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It wasn’t the notoriously thin Denver air that caused Erin to faint in the doctor’s chair. Instead, it was the doctor explaining the diagnosis for her then 2-year-old daughter Haven. The diagnosis was neuroblastoma, the most common non-brain solid tumor in children. Haven wasn’t old enough to comprehend the totality of her situation, but her parents could barely understand it either.
“I don’t think you can rationalize it, it’s irrational,” said Erin. “We all think, ‘this will not happen to me,’ and when it does it throws your entire reality for a loop.”
It was back in April 2012 that Haven’s family heard the news that their bubbly, personable little girl would be spending far more time at Rocky Mountain Hospital for Children in Denver. However, Haven hasn’t let the diagnosis slow down her relentlessly curious spirit.
“She loves to try all sorts of new things like basketball, swimming and hockey,” said Erin. “You can’t really tell her no.”
That fierce determination would be a recurring theme in Haven’s harrowing cancer journey. The 10x10 centimeter tumor attached to an adrenal gland was stubborn, insistent on remaining immune to different treatments. As is often the case with neuroblastoma, a disease that varies wildly from case to case, the comfort of certainty proved elusive.
“The doctor said with neuroblastoma there could be somebody that lives for a long time with maybe no secondary effects,” said Erin. “And sometimes there are kids that survive a week.”
Uncertainty turned Erin’s family into “professional time-buyers,” seeking out whatever steps were necessary to prolong Haven’s life. It began with five rounds of chemotherapy and surgery to remove the tumor. Unfortunately, when she was nearly finished scans revealed that her cancer refracted, meaning it was impervious to their treatment options. While her abdomen and chest were tumor-free, two new lesions had appeared on her spine.
“We were desperate because one oncologist told us, ‘You’re basically at 0% chance of five-year survival now,’” said Erin.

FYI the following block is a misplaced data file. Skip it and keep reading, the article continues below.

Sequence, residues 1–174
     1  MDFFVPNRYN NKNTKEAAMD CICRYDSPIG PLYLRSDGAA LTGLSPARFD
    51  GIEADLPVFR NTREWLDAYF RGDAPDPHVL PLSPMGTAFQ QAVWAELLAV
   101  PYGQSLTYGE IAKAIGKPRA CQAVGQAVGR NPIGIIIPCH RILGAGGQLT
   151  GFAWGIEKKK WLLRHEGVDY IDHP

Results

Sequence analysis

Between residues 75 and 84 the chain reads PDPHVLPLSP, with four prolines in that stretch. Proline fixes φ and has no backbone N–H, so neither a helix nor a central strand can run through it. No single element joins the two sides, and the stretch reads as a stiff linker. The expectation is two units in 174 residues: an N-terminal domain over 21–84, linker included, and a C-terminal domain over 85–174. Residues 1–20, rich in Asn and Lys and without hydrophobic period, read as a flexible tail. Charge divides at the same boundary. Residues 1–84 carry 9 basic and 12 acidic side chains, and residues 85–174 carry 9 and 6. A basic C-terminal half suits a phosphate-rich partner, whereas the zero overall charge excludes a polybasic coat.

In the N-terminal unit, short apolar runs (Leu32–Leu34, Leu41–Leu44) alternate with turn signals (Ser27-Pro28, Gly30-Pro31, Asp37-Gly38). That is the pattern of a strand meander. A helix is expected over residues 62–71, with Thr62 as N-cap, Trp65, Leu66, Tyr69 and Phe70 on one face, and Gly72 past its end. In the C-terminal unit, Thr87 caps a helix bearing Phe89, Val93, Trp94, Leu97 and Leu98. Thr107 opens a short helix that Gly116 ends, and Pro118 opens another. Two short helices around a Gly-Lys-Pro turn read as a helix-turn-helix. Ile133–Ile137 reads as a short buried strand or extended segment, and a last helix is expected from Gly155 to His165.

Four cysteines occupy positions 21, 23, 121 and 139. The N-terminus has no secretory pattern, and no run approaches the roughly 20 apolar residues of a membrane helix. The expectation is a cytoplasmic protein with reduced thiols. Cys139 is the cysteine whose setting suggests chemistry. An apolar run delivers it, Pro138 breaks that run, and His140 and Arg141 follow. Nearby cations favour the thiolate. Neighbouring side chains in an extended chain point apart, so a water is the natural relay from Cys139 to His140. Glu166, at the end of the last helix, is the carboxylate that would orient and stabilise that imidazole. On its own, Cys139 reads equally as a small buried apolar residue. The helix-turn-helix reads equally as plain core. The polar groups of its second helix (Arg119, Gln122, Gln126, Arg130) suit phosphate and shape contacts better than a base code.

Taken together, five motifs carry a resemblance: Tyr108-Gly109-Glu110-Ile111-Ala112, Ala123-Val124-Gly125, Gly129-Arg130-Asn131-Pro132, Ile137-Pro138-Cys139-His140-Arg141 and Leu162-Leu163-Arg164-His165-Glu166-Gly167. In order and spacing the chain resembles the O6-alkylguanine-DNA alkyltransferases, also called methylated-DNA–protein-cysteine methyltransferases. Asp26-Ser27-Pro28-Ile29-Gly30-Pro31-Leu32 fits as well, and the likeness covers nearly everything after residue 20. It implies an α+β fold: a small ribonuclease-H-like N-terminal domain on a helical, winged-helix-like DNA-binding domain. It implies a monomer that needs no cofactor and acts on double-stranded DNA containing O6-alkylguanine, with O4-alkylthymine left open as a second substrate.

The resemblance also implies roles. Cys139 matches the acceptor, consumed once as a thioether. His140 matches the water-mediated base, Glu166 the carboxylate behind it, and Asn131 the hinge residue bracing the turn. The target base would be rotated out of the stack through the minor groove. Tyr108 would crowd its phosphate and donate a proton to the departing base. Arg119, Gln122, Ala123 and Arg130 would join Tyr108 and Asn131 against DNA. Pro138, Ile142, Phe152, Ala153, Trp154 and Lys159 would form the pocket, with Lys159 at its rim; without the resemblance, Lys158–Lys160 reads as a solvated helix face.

Haven’s oncologist started reaching out across the country for options. They tried MIBG therapy in San Francisco, a radioactive treatment where Haven’s parents could only flit in and out of her room briefly. This treatment did manage to decrease the tumor enough to allow for stem cell transplant, but that was just another rung on the lengthy ladder towards recovery.
“We went for three high-dose radiation rounds, so she got her lifetime dose directly to the lesions on her spine,” said Erin. “They were talking about fusing vertebrae and we just couldn’t do that to her at 3 years old.”
Still, the tribulations were not finished. Their cross-country search led them to a clinical trial for the drug fenretinide. An oral, oily powder that mixed with food and drink like oil and water, Haven gulped down three cups of the unpleasant, yellow drug on a daily basis that caused a severe skin reaction. Thankfully it worked, officially putting her into remission. The latest, and hopefully final, step in their journey came over two years ago with a trial for a drug called DFMO at Helen Devos Children’s Hospital in Grand Rapids, Michigan. It targets cancer cell pathways that can drive growth and the drug effectively turns these cells off, preventing further cancer expansion. Haven finally finished the trial in October 2017 and the family is anxiously awaiting her first set of scans this March. Even after Haven’s tumultuous turn in life, the family continues to find moments of inspiration.
“It’s such a devastating thing, but the light that comes from this journey is amazing,” said Erin. “You see the worst of a situation, but you also see the best of people.”
The family’s also seen a fair share of bravery from their sister, now 7 years old, as Haven’s dad Aaron and her brothers Ryder (15) and Cash (11) root for her daily.
“She never asked, ‘Why me?’ It’s never come out of her mouth,” said Erin. “That’s an amazing thing for her to have accepted and do it while remaining the happiest person.”
Perseverance has been Haven’s calling card throughout this entire ordeal. Her brothers have contributed too, creating a fundraising team for The Lemon Climb Denver last year called “Haven’s Highsteppers.”
With the ordeal Haven’s been through, her family is insistent that research is the key to seeing the end of this disease. Most of all, the message they want to impart to others is hope. Even when they were told they had none, they trekked on.
“Never, ever give up the hope. We had oncologists tell us straight up, she will not survive five years and last year, on April 17, was five years,” said Erin. “Don’t ever give up hope. Ever.”
Information provided by Erin Schermerhorn, Haven’s mom
Updated February 2018
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